Recent Posts


Fly Fishing Collaborative Mexico Jason Atkinson Brian Silvey flies Redside Rainbow Alaska McKenzie Oregon Trout Bum Sage Fly Rods Clackamas Dry Fly Cutthroat Trout Winston Fly Rods Kate Koff Conway Bowman John Day Corey Koff Tarpon A River Between Us Klamath Dams Steelhead Craig Montana G3 Waders Brian O'Keefe Deschutes National Forest Cookie Lady Southern Coast Mako Shark Water Time Outfitters frying pan river Trask vintage news Invasives Trout-a-Thon Trout Bozeman Cuba Salmon-Trout photography Film Contest Bill Black Streamers Lincoln Motor Company Pelton Dam Yellowstone The Creel Carp Soul River Williamson River Vets Bill Bakke Fly Fishers Club of Oregon Travally Sage Metolius Patagonia Salmonflies Soft Hackles Native Fish Society Nautilus Reels tippet rings Rio Products Olympic National Park Fly Tying Instagram Sea Trout Pacific ocean Fly Fishing Film Tour A River for Christmas Metolius River Blast from the Past fly fishing Outdoor Adventure Day Oregon Department of Fish and Wildlife roll cast Marty Sheppard Project Healing Waters PGE Snow Goldenstones Grand Teton Steamboat Inn #keepemwet Bryan Huskey Nehalem River Scientific Anglers Chinook Salmon Redband Trout invasive species Costa Legos Extinction Atlantic Salmon North Umpqua Bulkley Redfish Travalley Keepemwet Fishing small creeks Deschutes River Alliance Coat Drive Mia Sheppard history Bamboo Fly Reels Coho Salmon Kispiox Willamette Falls Trailer Trash Thursday Sharks How to SA Colorado Catch Magazine Simms Native Trout Guided Fishing Christmas Trees F3T Fall River Boston Whaler Deschutes River Parasite Winston Northern California Port Orford BC Echo saltwater Pyramid Lake Willamette River hatcheries Frank Amato Rio Jurassic Lake Little Creek Outfitters Klamath Spring Chinook Winter Spey Strategies boat cleaning stations McKenzie River Roamerica Rob Crandall Kevin Callaway Florida Keys Black Spot Big Bugs hot water Atlantic Salmon Fly Expo Deschutes Salmon Watch Fishing Report Nevada Jay Nicholas Klamath Lake Morrish's Fluttering Stone Puget Sound Clackamas River Trout Spey Ochoco Creek Lost and Found pay it forward Kickstarter Smithers Willamette West Slope Cutthroat Klamath River Rainbow Trout Spirit River Renzetti Todd Moen Dolly Vardon Home Waters for the Holidays Fishing License on-line fly shop Mousing Douglas County Stefan Tritscher Tenkara Montana Eric Neufeld Permit Trout Unlimited Warm Water Bass Spey-O-Rama Brown Trout Rogue River CFR ODFW Casting for Recovery Wild fish Green River State of Jefferson Maupin Spey Fishing Tips Sea lions Columbia River Dean Finnerty Road Trip Abel Reels Sea-run Cutthroat Press Release Argentina Kenny Morrish Prineville FarBank Sweden Seychelles Steamboat Creek Poachers Salmon Salmonfly hatch Bears Salmon Fly Mountain Goats Small Streams Steelhead Sanctuary Bamboo Rods Winter Steelhead Oregon Trout Trail Adventure Elk River Black Friday Salmon habitat Dale La Follette Sr. Bauer Fly Reels native fish Trout Bum Road Trip Caddis Whitefish John Day River Kamchatka Wild Steelhead Coalition PMDs Wader Maker Contest Twin Bridges "Clipped" Tying Contest Summer Steelhead Oregon Back Roads Chum Salmon Oregon Senator Ron Wyden Rio Fly Lines Sandy River Coho New Zealand Hardy Reel Elk & Sixes Mending North Coast: British Columbia Owyhee River Big Trout Skaters Simon Gawesworth Bruce Buckmaster Bonefish Bull Trout Frank Moore Crooked River Green Drakes Sea-runs March Browns Kenny 5 Legs LaFollette homestead Senator Jeff Merkley Christmas Lahontan Cutthroat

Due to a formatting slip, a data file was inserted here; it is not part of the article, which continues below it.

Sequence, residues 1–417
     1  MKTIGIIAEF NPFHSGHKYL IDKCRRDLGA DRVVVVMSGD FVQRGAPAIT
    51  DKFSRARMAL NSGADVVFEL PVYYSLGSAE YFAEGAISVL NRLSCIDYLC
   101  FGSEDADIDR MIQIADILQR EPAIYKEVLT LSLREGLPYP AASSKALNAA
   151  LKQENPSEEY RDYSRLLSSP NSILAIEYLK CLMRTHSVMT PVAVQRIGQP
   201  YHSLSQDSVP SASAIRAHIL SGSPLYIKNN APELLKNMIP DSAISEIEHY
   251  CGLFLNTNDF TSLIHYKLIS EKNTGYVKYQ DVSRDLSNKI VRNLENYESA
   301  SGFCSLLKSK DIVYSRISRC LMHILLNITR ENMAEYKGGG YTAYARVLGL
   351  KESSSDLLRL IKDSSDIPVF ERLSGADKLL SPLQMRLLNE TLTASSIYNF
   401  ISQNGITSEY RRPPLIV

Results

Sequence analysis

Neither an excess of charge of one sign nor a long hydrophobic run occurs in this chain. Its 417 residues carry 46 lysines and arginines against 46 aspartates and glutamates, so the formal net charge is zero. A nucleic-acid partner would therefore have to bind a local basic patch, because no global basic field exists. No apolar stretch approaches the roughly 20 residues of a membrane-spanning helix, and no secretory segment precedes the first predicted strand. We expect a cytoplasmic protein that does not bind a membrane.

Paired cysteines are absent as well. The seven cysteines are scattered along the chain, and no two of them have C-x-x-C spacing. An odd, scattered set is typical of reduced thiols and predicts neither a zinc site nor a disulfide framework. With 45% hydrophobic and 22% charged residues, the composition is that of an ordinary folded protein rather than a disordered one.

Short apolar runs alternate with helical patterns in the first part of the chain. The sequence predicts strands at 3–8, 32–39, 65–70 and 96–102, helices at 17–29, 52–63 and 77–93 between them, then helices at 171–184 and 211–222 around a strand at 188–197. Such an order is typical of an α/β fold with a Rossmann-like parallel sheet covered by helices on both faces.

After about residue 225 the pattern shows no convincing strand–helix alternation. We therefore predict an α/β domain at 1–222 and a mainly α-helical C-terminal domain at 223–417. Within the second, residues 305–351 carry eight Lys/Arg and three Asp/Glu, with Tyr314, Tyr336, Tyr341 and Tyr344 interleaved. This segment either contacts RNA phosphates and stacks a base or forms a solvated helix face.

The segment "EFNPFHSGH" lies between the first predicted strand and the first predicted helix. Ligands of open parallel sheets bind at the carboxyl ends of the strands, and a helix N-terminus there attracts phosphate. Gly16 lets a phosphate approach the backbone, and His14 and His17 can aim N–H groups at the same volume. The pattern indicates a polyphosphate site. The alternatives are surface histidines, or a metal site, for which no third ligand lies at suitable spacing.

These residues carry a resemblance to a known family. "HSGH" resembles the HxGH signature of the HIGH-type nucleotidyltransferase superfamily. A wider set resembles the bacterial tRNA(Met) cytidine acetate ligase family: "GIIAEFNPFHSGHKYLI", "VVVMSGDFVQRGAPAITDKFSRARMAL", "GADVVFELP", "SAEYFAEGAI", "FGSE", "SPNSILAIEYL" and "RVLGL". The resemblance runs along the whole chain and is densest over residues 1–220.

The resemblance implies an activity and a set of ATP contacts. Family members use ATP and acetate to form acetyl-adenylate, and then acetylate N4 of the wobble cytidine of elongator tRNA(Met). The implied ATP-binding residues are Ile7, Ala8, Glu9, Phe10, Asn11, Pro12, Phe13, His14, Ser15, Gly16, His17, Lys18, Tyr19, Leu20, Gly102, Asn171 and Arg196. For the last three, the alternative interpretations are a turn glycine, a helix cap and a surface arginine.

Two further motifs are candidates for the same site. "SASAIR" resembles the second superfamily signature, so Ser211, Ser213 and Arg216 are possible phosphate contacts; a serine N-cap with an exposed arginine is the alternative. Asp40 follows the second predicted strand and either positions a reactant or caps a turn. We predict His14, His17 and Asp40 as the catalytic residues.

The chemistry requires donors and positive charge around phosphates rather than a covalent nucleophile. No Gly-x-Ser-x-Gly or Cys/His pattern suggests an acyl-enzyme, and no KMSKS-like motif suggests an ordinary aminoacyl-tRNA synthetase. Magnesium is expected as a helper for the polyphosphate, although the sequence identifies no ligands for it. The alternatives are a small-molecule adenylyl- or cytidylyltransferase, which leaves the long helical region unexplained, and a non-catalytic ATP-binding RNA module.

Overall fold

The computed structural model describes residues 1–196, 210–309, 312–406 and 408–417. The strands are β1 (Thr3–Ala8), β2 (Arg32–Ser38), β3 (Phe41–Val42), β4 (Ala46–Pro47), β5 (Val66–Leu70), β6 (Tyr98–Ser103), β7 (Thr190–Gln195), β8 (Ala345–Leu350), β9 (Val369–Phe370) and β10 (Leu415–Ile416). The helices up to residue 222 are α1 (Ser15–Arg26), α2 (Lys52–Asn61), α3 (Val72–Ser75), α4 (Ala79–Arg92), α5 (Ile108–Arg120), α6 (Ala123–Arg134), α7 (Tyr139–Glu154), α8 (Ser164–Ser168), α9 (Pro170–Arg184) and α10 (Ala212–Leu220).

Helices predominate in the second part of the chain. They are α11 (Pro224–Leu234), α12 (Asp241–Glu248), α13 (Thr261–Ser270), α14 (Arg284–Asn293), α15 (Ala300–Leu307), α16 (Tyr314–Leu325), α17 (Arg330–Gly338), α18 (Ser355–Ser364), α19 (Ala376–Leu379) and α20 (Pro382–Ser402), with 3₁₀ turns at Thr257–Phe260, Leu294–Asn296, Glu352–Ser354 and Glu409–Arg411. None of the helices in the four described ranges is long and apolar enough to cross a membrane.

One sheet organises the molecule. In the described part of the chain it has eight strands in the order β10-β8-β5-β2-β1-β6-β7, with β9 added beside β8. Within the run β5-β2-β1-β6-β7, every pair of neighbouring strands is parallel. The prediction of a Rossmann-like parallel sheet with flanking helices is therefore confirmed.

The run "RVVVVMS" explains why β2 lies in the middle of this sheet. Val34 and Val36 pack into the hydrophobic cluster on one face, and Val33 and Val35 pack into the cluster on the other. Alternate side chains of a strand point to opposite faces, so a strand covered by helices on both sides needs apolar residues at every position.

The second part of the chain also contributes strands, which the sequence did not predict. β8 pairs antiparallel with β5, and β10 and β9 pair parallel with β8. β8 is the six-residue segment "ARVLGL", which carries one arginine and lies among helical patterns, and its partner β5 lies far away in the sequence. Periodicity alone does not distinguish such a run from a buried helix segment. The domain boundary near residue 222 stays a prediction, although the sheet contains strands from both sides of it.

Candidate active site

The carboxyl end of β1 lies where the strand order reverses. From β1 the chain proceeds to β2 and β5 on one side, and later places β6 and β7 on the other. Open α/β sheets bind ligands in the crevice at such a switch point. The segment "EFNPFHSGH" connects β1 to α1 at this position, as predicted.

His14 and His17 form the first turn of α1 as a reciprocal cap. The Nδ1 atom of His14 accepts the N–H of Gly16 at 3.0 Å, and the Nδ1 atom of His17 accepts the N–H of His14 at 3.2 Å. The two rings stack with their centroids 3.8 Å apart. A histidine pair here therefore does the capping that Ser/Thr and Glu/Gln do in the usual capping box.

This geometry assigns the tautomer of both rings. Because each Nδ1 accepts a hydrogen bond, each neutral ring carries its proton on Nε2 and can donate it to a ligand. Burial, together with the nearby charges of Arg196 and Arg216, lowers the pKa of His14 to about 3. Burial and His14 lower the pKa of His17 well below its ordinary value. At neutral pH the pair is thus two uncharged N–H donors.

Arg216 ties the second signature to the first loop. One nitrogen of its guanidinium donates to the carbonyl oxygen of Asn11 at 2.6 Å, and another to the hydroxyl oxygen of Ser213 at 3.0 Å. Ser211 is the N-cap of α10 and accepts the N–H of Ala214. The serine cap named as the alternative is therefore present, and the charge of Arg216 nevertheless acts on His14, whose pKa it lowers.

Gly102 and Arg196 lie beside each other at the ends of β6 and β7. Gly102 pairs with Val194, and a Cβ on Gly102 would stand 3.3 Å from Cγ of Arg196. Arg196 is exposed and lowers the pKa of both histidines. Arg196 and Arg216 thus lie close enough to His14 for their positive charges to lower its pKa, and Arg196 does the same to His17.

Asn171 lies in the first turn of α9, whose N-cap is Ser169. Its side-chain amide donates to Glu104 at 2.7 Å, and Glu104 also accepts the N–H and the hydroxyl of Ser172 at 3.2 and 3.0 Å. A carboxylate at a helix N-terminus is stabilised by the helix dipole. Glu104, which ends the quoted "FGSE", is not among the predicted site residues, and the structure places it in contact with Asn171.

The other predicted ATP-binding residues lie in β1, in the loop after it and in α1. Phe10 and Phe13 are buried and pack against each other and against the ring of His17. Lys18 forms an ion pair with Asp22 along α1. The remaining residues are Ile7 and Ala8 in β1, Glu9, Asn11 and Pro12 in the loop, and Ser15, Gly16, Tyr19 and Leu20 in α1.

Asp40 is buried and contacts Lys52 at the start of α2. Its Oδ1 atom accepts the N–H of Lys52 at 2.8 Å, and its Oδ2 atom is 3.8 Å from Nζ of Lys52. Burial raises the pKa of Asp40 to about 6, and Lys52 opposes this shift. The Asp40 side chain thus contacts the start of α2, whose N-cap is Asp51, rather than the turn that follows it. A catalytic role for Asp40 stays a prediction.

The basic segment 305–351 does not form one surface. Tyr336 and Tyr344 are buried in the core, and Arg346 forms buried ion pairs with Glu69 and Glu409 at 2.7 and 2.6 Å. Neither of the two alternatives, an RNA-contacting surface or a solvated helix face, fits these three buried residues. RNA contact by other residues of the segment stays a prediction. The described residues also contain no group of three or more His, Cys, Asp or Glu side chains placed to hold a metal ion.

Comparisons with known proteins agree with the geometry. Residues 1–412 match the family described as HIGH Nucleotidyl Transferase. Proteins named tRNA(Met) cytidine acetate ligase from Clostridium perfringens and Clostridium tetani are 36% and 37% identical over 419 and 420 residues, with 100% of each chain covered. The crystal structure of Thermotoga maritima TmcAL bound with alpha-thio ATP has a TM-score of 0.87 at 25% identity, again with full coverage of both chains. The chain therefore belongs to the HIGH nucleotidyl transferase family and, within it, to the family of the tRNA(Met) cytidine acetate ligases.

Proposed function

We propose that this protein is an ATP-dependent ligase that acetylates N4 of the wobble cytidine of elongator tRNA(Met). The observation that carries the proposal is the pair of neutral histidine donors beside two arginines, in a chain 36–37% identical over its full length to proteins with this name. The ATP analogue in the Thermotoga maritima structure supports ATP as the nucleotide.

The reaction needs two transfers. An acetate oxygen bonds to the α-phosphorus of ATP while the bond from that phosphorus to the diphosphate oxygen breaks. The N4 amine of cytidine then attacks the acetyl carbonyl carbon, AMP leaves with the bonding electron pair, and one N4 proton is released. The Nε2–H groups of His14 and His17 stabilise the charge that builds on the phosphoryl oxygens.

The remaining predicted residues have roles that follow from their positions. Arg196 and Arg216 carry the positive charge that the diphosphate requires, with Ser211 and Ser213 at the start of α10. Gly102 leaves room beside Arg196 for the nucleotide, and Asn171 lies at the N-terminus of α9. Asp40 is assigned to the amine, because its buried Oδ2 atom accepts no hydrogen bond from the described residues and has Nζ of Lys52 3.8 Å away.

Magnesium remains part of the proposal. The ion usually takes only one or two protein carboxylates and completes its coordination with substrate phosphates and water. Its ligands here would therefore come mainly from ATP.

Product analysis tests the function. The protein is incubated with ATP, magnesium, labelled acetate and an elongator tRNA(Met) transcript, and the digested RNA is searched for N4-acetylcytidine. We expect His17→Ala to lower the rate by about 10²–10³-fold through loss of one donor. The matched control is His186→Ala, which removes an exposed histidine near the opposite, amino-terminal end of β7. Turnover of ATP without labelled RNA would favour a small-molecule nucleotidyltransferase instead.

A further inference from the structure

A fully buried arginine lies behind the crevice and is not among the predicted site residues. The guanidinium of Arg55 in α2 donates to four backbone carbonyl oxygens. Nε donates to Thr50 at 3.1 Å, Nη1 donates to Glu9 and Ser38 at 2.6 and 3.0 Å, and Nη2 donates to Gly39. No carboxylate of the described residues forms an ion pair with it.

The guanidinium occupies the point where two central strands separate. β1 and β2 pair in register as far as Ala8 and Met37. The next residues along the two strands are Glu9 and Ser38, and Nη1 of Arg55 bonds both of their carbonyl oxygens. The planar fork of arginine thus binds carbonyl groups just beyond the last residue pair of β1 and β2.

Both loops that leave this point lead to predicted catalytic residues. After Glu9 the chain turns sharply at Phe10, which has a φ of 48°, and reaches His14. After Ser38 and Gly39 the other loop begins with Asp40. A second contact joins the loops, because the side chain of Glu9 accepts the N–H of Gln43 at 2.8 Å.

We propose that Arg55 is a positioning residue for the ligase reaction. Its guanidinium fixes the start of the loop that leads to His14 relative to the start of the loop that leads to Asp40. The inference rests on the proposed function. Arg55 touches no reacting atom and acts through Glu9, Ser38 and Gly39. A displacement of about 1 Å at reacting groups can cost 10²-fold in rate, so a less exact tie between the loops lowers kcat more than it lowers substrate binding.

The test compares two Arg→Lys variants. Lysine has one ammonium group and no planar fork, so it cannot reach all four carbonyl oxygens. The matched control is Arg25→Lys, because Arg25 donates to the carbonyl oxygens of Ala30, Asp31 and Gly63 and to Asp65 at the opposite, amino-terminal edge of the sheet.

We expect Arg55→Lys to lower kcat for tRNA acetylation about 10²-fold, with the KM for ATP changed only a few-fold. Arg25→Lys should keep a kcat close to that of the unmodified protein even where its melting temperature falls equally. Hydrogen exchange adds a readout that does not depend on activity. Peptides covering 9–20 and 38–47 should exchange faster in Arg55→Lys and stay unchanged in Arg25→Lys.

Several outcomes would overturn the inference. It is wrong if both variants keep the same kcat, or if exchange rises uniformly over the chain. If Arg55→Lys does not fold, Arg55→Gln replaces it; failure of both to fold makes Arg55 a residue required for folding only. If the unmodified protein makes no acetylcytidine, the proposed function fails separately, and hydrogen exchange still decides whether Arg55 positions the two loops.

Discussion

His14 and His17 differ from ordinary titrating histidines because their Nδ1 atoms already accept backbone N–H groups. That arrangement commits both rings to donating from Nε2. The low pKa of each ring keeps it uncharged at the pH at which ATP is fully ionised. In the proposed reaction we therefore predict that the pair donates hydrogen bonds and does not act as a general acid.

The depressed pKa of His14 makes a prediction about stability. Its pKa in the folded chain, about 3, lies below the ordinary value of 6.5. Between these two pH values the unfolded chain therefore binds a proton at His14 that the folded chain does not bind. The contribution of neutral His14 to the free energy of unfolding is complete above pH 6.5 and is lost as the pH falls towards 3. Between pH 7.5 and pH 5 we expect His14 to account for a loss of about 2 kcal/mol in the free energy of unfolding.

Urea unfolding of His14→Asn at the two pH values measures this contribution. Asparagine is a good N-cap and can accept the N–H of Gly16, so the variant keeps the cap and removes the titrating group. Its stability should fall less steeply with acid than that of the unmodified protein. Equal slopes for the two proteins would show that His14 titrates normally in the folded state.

Camp Water

    Camp water is close to home. Here you will find information on stuff happening here in the shop and on our local waters. You'll also find our weekly newsletter feature, Trailer Trash Thursday, a fun collection of fly fishing videos, perfect for a midweek distraction. If you don't get the newsletter, be sure to sign up today!

    Feds Approve Limited Sea-Lion Removal on Willamette

    Joel La Follette - Thursday, November 22, 2018

    ODFW Press Release

    Nov. 15, 2018

    SALEM, Ore. – The National Marine Fisheries Service (NMFS) has approved the Oregon Department of Fish and Wildlife’s application to lethally remove the few California sea lions present at Willamette falls in an effort to help save winter steelhead and spring Chinook from extinction.

    Sea lions are protected under the federal Marine Mammal Protection Act (MMPA). On Oct. 6, 2017, ODFW applied for authorization to remove California sea lions at Willamette Falls under a provision of the MMPA that allows for limited lethal take of sea lions that are having a negative impact on protected fish species.